T-Mobile officially completed the acquisition of Layer3 TV, the third largest wireless carrier in the United States said Tuesday. Originally announced last month, the deal was presented as a starting point for T-Mobile to launch its own TV service in 2018. That plan is still on but no availability details on the upcoming offering have yet been provided by the telecom giant. Consumers interested in receiving real-time updates about the initiative can sign up for them by referring to the banner below, with T-Mobile promising that doing so will ensure they receive an exclusive offer to purchase its subscription package once the platform goes live.
As Layer3 TV has now been officially absorbed by T-Mobile, active development of the new TV service should be underway. The Bellevue, Washington-based company previously provided some general illustrations of how its platform may look like but the project is still understood to be in a relatively early phase of development and more in-depth testing is yet to start. Due to that state of affairs, most industry watchers aren't expecting the offering to launch before mid-2018. Layer3 TV that's advertising its solution as "the new cable" is still doing business in select U.S. cities and should continue doing so going forward. The acquisition itself was primarily made so that T-Mobile can access the company's proprietary technologies allowing it to offer a comprehensive Internet TV package with support for 4K resolutions and multiple displays. The upcoming service is being presented as the firm's attempt to fight the cable corporations and their business practices which it describes as predatory.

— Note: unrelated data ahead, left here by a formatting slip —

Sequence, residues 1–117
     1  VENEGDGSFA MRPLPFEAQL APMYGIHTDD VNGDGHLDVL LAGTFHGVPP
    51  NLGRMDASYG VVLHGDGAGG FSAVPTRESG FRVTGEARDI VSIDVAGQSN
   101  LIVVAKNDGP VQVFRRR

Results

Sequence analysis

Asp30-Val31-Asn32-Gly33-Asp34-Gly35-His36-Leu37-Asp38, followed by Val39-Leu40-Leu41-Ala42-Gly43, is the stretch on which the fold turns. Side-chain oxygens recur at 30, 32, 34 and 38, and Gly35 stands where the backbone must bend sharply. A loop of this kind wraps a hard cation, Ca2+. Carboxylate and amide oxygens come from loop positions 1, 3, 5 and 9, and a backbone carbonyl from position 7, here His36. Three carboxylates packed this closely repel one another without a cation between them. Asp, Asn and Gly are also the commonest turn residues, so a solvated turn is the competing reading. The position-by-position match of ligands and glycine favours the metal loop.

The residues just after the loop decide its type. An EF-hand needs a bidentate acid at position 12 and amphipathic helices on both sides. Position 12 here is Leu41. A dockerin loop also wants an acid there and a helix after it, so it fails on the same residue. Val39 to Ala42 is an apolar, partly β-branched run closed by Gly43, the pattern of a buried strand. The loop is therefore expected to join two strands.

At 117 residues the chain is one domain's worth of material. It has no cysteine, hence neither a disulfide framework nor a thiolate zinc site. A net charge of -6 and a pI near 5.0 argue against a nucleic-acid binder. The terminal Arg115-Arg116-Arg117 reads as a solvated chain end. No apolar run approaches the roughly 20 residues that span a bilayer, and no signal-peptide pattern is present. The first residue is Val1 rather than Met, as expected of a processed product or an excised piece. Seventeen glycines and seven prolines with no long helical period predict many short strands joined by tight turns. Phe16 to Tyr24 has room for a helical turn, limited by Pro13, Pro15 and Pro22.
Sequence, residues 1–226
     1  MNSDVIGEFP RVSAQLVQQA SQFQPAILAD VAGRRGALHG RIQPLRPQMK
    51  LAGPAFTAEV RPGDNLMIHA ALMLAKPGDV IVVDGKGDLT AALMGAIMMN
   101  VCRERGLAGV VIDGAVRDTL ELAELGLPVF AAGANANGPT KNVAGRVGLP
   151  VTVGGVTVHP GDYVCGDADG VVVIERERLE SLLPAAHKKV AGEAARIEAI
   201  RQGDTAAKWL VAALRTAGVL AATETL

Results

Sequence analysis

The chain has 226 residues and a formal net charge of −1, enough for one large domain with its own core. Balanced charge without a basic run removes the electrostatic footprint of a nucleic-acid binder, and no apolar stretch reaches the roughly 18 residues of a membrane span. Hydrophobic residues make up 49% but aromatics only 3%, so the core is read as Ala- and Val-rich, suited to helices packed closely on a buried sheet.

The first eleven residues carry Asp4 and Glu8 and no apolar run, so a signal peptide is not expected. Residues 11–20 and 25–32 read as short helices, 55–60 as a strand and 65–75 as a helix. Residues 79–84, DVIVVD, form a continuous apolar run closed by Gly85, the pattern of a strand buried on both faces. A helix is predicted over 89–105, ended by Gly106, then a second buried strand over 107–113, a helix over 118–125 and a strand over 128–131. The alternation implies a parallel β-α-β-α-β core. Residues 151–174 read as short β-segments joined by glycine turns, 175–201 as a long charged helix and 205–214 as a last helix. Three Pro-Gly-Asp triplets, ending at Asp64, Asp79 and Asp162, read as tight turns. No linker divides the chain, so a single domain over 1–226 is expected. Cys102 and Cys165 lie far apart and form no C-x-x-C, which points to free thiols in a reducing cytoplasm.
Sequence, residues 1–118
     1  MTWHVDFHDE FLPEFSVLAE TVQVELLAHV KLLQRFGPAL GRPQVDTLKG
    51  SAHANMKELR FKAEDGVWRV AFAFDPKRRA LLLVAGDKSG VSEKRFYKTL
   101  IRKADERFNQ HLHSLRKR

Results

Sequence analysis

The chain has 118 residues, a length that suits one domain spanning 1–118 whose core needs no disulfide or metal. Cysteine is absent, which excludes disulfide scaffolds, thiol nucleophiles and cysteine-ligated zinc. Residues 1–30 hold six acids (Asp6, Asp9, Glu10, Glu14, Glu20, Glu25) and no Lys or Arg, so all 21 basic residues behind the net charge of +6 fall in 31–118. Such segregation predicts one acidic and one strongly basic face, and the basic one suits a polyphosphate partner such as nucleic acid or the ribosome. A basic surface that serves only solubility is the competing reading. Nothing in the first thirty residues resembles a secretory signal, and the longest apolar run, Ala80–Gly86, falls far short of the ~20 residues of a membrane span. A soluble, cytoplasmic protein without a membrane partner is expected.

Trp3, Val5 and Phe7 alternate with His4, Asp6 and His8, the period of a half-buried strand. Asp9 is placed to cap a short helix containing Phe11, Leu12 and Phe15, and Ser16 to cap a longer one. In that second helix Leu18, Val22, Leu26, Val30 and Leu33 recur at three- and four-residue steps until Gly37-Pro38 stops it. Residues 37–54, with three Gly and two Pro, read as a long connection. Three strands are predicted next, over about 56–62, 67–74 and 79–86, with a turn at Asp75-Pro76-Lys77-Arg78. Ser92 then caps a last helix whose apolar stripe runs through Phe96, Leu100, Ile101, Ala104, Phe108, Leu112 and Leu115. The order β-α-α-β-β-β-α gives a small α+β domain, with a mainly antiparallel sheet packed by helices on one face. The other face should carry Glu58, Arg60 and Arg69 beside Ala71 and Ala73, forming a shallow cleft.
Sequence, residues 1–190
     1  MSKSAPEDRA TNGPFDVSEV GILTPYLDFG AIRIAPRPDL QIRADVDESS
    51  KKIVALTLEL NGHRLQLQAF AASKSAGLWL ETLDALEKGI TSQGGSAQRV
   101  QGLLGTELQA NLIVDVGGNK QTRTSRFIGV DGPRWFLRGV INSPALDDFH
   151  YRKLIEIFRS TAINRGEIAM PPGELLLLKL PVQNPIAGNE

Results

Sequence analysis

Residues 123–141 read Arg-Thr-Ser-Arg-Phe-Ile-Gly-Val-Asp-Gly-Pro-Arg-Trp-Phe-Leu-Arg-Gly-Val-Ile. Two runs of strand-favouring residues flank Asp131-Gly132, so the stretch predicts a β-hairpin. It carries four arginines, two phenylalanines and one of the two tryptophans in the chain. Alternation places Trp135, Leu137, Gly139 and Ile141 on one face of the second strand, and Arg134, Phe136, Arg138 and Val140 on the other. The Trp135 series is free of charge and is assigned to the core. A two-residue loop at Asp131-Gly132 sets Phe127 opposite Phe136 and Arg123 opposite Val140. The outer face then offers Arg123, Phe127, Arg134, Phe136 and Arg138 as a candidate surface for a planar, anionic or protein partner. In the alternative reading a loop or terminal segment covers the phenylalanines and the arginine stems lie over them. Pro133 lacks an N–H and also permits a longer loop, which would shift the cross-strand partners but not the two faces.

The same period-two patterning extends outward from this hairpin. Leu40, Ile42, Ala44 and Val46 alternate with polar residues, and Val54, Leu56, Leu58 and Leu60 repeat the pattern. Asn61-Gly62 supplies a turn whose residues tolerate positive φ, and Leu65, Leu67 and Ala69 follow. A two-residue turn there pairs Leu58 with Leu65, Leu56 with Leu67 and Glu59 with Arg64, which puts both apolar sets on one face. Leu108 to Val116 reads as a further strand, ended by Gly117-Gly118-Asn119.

The platform should be conceptually and technologically similar to Layer3 TV's existing system, meaning consumers shouldn't expect T-Mobile to launch a new Netflix with a heavy focus on original programming. Instead, the solution will be dedicated to covering as many cable channels as possible, allowing users to stream and record high-quality video. The exact scope of the platform's library is presumably still being determined and may be impacted by AT&T's pending acquisition of Time Warner which owns many popular cable channels through its subsidiary Turner, though preventing T-Mobile from licensing them (at a reasonable price) would be the kind of behavior that the Department of Justice is now claiming it's trying to stop by suing to block the deal.